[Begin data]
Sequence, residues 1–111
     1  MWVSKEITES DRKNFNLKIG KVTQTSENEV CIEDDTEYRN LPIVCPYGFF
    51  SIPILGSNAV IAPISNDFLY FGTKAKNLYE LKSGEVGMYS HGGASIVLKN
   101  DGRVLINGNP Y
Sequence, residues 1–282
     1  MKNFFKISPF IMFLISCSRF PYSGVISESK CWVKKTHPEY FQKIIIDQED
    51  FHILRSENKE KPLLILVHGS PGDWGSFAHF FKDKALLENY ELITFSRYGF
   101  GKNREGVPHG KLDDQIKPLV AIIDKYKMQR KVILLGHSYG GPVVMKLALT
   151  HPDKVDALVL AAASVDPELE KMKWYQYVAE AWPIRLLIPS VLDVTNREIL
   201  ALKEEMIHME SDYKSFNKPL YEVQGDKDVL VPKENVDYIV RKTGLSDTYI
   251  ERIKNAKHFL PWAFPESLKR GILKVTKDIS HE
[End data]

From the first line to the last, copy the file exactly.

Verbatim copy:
Sequence, residues 1–111
     1  MWVSKEITES DRKNFNLKIG KVTQTSENEV CIEDDTEYRN LPIVCPYGFF
    51  SIPILGSNAV IAPISNDFLY FGTKAKNLYE LKSGEVGMYS HGGASIVLKN
   101  DGRVLINGNP Y
Sequence, residues 1–282
     1  MKNFFKISPF IMFLISCSRF PYSGVISESK CWVKKTHPEY FQKIIIDQED
    51  FHILRSENKE KPLLILVHGS PGDWGSFAHF FKDKALLENY ELITFSRYGF
   101  GKNREGVPHG KLDDQIKPLV AIIDKYKMQR KVILLGHSYG GPVVMKLALT
   151  HPDKVDALVL AAASVDPELE KMKWYQYVAE AWPIRLLIPS VLDVTNREIL
   201  ALKEEMIHME SDYKSFNKPL YEVQGDKDVL VPKENVDYIV RKTGLSDTYI
   251  ERIKNAKHFL PWAFPESLKR GILKVTKDIS HE